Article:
Belinda Johnson on the Future of Regulation

For Belinda Johnson, Chief Business Affairs and Legal Officer at Airbnb, the future of policymaking isn’t about deregulation, it’s about smart regulation. She intimately understands that brands can’t simply ignore innovation and advancements, but they can adapt in ways that please both consumers and company stakeholders. As our ideas around home ownership, family roles, and travel increasingly evolve, Belinda is hopeful that Airbnb will continue to facilitate cross-cultural interactions and thoughtful community engagement.

How do you imagine Airbnb is shaping the future of regulation?

Airbnb is still relatively new, so it doesn’t really fit within the pre-existing, historic regulation out there that’s been meant for hotels and traditional lodging providers. We’ve been working with policymakers all over the world to try and develop and revise outdated laws that were created long before home sharing ever existed. I believe that we have a responsibility to help educate cities and understand their concerns, and that’s why we spend a lot of time talking to local governments about what our community is and what they’re doing and the benefits that they’re bringing. We’re really committed to being constructive partners to cities and regulators, and we’ve already made a ton of progress with this all over the world – even in cities like London and Paris that have had very complex home sharing regulations in the past.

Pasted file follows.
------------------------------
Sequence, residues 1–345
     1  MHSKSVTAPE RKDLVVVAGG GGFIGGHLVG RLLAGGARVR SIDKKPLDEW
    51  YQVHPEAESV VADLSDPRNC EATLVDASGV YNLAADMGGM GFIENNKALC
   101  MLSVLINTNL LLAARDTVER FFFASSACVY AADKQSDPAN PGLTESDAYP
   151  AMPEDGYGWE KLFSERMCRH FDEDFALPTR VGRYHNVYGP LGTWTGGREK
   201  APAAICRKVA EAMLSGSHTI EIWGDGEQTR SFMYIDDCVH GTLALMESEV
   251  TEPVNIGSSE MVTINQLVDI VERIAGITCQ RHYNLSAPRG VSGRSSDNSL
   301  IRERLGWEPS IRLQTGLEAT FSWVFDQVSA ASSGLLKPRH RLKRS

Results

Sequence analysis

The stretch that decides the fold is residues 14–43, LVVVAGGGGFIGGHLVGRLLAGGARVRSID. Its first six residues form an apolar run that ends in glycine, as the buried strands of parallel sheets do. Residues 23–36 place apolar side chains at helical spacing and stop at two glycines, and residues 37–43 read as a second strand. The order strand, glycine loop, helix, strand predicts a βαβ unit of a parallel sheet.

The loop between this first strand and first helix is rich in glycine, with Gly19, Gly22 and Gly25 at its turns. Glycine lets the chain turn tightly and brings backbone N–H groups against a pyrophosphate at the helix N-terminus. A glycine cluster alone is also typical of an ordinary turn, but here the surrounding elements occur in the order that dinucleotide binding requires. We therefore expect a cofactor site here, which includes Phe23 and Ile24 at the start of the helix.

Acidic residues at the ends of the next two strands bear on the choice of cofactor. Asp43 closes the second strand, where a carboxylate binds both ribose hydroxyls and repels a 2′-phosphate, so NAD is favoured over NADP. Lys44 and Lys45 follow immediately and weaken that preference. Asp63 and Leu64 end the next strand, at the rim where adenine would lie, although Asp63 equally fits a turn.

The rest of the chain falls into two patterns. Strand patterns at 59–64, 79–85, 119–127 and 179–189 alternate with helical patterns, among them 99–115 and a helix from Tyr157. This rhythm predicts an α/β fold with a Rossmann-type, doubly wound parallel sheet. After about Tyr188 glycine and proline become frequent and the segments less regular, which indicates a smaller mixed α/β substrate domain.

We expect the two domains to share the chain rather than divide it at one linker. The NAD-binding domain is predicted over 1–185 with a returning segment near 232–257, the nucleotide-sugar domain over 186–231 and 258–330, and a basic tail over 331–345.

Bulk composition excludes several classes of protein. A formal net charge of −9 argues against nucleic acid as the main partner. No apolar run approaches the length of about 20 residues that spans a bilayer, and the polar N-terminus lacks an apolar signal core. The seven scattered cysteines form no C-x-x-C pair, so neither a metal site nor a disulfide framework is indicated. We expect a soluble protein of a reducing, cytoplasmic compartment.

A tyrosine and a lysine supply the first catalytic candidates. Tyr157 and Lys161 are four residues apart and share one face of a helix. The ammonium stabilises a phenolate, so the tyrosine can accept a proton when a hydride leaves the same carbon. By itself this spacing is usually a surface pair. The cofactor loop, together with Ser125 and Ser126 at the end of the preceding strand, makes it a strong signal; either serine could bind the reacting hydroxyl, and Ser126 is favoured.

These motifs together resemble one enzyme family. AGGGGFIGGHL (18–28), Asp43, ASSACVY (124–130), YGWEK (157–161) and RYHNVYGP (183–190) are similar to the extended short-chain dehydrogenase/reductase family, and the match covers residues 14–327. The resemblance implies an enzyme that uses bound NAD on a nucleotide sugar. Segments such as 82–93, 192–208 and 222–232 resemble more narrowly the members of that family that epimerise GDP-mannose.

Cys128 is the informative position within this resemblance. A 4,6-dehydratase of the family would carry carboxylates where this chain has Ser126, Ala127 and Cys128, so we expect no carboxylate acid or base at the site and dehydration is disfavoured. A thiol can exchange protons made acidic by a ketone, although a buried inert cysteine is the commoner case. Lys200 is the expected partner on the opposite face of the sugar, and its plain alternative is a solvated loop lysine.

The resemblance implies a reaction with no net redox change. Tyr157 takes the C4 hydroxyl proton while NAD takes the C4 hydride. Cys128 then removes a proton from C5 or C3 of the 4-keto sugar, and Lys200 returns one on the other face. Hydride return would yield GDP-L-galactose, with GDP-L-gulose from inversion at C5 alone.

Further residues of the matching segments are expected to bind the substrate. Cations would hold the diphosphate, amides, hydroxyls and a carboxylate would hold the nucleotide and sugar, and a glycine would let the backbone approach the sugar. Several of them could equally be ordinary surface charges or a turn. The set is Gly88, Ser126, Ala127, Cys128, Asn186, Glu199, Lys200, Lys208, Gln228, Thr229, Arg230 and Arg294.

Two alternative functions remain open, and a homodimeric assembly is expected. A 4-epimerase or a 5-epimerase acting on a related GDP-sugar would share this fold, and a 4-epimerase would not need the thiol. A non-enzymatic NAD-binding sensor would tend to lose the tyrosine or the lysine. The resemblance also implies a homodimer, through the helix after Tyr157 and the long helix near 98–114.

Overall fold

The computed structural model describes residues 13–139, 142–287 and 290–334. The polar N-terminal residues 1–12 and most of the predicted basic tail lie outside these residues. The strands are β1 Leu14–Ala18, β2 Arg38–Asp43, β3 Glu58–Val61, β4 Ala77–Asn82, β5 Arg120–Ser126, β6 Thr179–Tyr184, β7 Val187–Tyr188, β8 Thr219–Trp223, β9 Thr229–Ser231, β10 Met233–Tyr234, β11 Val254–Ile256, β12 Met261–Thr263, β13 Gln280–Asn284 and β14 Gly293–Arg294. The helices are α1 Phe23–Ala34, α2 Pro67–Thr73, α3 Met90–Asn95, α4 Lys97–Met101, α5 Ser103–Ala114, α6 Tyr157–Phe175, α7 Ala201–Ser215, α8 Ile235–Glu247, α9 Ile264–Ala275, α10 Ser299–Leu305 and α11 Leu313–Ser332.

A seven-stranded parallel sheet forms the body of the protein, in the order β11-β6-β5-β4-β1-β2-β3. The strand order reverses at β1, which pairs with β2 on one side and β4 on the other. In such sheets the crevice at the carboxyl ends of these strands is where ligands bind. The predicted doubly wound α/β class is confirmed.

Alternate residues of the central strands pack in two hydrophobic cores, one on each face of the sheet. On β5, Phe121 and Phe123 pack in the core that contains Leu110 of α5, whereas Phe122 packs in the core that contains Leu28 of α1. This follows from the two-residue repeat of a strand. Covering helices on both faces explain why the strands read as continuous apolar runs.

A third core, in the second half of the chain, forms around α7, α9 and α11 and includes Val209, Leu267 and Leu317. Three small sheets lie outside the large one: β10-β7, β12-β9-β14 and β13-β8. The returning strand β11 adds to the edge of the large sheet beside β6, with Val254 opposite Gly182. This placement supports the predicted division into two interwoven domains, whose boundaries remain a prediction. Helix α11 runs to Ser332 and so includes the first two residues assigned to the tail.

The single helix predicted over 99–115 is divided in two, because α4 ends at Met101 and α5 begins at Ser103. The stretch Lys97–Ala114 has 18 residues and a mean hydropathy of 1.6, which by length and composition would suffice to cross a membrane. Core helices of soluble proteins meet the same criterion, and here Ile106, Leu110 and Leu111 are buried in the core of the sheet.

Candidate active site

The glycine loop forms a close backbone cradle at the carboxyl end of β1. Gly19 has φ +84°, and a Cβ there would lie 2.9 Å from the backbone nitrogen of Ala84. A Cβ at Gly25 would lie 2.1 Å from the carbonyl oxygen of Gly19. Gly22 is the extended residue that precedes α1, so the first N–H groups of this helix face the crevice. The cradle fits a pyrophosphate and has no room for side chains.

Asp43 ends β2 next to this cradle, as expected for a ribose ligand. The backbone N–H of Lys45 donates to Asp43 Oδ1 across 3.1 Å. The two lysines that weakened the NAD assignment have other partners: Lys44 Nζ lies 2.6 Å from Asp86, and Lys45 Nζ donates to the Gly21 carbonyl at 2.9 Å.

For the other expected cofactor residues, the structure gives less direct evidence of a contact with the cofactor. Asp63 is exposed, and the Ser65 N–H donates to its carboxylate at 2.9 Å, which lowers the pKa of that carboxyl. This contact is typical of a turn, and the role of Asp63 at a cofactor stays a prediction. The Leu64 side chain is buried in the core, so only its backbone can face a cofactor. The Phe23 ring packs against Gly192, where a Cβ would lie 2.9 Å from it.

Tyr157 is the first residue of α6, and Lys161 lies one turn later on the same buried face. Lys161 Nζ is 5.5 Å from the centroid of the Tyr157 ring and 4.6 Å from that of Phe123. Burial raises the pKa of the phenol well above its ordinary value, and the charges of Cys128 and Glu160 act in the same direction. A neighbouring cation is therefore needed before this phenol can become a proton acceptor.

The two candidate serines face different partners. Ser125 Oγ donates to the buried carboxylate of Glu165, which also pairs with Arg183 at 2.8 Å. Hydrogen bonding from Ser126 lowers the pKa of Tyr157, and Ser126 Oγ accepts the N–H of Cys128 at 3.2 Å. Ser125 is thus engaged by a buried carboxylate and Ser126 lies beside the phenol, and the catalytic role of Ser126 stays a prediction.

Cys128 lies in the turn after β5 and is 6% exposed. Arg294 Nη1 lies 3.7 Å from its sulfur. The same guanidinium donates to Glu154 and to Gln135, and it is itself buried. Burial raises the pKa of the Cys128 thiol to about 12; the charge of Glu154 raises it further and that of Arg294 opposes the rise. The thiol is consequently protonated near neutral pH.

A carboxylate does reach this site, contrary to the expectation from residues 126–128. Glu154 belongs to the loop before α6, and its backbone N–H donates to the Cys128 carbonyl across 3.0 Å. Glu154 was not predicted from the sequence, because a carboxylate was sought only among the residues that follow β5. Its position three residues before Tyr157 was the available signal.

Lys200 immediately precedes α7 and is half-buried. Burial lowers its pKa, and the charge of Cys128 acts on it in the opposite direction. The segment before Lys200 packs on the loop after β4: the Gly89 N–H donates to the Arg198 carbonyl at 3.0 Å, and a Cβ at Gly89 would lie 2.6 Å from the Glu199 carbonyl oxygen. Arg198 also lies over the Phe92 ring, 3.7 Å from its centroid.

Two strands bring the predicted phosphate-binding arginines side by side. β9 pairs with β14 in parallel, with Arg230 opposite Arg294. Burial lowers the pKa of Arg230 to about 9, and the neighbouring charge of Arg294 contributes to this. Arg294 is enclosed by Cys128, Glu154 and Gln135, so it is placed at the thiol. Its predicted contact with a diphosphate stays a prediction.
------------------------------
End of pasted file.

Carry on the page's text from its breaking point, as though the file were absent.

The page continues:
You mentioned that you’re educating these regulators on what home sharing can be. Can you talk a little bit about how you do that?

There are so many compelling reasons for home sharing in cities. We explain how hosting allows residents to use what is really one of their greatest expenses, their homes, to create additional income and be able to make ends meet. Hosting doesn’t just benefit the host and their community, it also helps spread economic impact of tourism to parts of cities that have not historically got to participate in those benefits. 75% of our hosts are located outside of hotel districts, and that means more spending is being brought into these areas of cities where there are small, local businesses that haven’t gotten tourism traffic before.